Security, privacy, connectivity top IoT Tech Expo agenda
Descending on London Olympia from 10-11 February, discussions took place on why the Internet of Things can’t realise...
For the last decade we’re been sold the dream of the Internet of Things (IoT) – a seamless, constant and intelligent communication between man, animal and machine. As the technology finally catches up to aspiration, are we now entering the age of the Internet of Things?
Only coined in 1999, the term ‘Internet of Things’ seems to have been around forever in tech circles, but it’s only now that we’re entering an age where the promise and the benefits of constant connectivity are being realised.
Simplistically, the internet of things is a scenario where objects, animals or people all have a unique identifier (UID) and have the ability to transfer data over a network without the need for human or machine interaction.
The possibilities of such connections are potentially unlimited, with society benefiting from the improved efficiency and accuracy of connected devices. There are also obvious economic and business benefits too. But before we get too excited, there are still some questions that need to be answered technologically, ethically and morally.
It’s always difficult to predict too far into the future, particularly when dealing with technology, but we explore what the rise of the internet of things means to you and your business – and just why it may not be plain sailing to a constantly connected future.
There are already twice as many connected devices in the world than there are people, but it’s growing all the time. Estimates vary, but a recent report published by Juniper Research, that by 2020 there will be between 30 – 50 billion connected devices in the world.
It sounds a lot, but the potential for the internet of things is limitless, with enough IP addresses for trillions of devices. Businesses are already salivating at the prospect. These new connections bring exciting new opportunities for marketers, enabling them to tap into almost every aspect of our lives to offer us ways to spend money.
A sensor in your car could indicate you’re running low on fuel, and almost immediately an advert for a fuel station appears on your in-car screen for instance. In this case technology is solving a problem, offering a chance for targeted marketing and making your life easier.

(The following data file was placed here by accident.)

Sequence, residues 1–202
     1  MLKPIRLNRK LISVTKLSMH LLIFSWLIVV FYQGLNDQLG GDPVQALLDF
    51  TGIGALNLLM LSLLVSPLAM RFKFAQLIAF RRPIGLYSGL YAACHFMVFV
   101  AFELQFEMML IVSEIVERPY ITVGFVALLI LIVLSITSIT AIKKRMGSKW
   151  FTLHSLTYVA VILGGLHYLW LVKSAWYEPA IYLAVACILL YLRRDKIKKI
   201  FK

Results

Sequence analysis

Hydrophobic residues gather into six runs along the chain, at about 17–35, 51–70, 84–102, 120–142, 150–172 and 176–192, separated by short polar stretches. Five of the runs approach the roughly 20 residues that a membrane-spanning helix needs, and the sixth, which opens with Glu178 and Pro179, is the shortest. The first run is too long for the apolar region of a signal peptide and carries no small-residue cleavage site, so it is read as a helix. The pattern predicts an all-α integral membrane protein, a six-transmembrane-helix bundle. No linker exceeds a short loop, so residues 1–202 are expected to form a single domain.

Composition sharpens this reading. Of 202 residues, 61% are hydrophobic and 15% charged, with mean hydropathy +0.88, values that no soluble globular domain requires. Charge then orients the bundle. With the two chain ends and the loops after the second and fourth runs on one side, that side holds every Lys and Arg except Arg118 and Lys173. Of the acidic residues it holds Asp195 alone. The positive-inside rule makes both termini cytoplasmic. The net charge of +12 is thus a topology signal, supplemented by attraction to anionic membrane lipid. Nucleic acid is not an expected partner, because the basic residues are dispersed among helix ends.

It’s not just as consumers that could benefit, the internet of things could also change the way we work, too says Mike Weston, CEO of Profusion, a data science consultancy with bases in London and Dubai specialising in helping organisations understand and improve their relationships with people through technology. “There are a great number of interesting applications from monitoring and improving employee welfare and productivity to training and information purposes.” He believes.
The best technology – the laptop, tablet, smartphone and now, the smartwatch – should integrate seamlessly with the way we live, solving problems and making things easier. In some cases though, it’s not always clear just how these innovations can improve our lives.
“It seems a new ‘smart’ product is released every day. Unfortunately many of these devices don’t have a practical day-to-day application that consumers desperately want.” Weston adds. “I think we will see the market consolidate with many devices and concepts falling by the wayside.”
The IoT has to embody the best of technology but more importantly it needs to be based around the needs of users rather than those of manufacturers, marketers or employees.
The IoT is stimulating a whole new range of exciting and innovative devices. But this innovation is being hampered by one of the things that has plagued the tech world for years: interoperability.
In their paper, Juniper Research point to a lack of standardisation across the internet of things, causing problems for businesses and users. Before the IoT reaches its full potential it’s likely we’ll see the emergence of at least some form of standard, as Weston outlines: “Standardisation simplifies the market and reduces costs for consumers and manufacturers. It also provides an element of future-proofing.”
Universal formats like USB and smartphone chargers have taken time to become adopted, and so a universal standard may be some way off, but it’s likely to be an essential component in the IoT becoming embedded in the fabric of our lives and reaching its full potential. We’re yet to know just where it comes from and who will create it.
The internet of things generates huge amounts of data, much of which we may consider innocuous. But where there is data there is risk. It’s no surprise that managing and protecting big data is one of the biggest challenges of the success of the IoT.
The challenges faced – those of data capture, violations of privacy and trust – are familiar to those in the industry, and can be managed. The IoT also raises some specific ethical questions that may not be as simple to deal with.
The data generated by the IoT has the possibility of creating an almost complete picture of us as individuals, families and even societies. Are we happy for this information to be shared and, if so, with whom?
It’s a question that we will all have different responses to. As a society we are becoming more aware of our online security, a situation likely to be exacerbated by the personal and potentially intrusive nature of constantly connected technology.
The rise of the Internet of Things is seemingly unstoppable, and is a technological advancement that will have benefits for us all. While there are some ethical concerns, history has shown that, where technology offers us a demonstrable improvement to our lives, it’s something we are likely to embrace.
There are likely to be some bumps in the road, but it’s all taking us further toward a constantly connected future that we can all enjoy and benefit from.